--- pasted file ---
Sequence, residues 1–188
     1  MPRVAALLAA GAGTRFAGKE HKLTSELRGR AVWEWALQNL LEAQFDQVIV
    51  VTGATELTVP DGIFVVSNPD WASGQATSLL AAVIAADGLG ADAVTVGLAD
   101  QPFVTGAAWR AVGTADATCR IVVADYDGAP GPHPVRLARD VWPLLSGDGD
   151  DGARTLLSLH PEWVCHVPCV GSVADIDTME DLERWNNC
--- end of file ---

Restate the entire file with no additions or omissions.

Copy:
Sequence, residues 1–188
     1  MPRVAALLAA GAGTRFAGKE HKLTSELRGR AVWEWALQNL LEAQFDQVIV
    51  VTGATELTVP DGIFVVSNPD WASGQATSLL AAVIAADGLG ADAVTVGLAD
   101  QPFVTGAAWR AVGTADATCR IVVADYDGAP GPHPVRLARD VWPLLSGDGD
   151  DGARTLLSLH PEWVCHVPCV GSVADIDTME DLERWNNC